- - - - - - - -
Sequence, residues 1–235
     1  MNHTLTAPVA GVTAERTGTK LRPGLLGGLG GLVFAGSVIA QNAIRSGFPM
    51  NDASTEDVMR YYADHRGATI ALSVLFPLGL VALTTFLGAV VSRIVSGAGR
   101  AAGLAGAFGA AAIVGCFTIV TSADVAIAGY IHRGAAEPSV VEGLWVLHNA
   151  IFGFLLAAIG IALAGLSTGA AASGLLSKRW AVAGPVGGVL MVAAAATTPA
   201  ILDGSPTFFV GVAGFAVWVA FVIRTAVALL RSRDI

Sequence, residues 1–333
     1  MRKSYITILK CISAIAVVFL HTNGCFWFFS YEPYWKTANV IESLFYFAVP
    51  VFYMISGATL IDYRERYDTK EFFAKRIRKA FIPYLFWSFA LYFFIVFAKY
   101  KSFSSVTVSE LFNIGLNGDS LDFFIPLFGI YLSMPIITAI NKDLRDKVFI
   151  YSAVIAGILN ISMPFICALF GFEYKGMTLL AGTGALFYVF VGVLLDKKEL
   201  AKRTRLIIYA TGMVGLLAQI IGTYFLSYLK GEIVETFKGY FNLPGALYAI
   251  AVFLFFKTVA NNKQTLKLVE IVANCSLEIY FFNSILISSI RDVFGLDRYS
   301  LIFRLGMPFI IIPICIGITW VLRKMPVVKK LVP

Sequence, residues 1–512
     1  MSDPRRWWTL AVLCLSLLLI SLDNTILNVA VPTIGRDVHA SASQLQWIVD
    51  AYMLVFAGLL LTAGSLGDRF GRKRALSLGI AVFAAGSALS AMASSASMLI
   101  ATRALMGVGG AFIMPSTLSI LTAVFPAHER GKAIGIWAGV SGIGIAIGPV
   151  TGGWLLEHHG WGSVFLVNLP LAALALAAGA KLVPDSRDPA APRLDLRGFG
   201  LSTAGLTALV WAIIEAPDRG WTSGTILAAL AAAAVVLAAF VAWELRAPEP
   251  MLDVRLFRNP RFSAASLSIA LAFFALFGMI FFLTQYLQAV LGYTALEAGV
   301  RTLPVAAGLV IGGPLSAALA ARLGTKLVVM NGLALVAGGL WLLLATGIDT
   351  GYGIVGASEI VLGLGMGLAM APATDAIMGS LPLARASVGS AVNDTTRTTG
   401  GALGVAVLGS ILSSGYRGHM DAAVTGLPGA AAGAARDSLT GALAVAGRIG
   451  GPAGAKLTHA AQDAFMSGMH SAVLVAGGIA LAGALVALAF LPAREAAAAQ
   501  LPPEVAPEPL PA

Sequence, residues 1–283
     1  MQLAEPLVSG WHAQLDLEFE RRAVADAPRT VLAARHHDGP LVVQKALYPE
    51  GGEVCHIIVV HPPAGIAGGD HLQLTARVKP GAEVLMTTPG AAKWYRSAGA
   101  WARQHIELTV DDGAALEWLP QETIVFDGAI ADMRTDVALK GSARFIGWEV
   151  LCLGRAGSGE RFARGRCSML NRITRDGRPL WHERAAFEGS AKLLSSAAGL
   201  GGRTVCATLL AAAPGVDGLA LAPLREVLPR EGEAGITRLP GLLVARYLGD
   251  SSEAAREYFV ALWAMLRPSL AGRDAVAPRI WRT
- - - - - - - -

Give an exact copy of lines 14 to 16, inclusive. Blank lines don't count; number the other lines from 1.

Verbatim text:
   301  LIFRLGMPFI IIPICIGITW VLRKMPVVKK LVP

Sequence, residues 1–512
     1  MSDPRRWWTL AVLCLSLLLI SLDNTILNVA VPTIGRDVHA SASQLQWIVD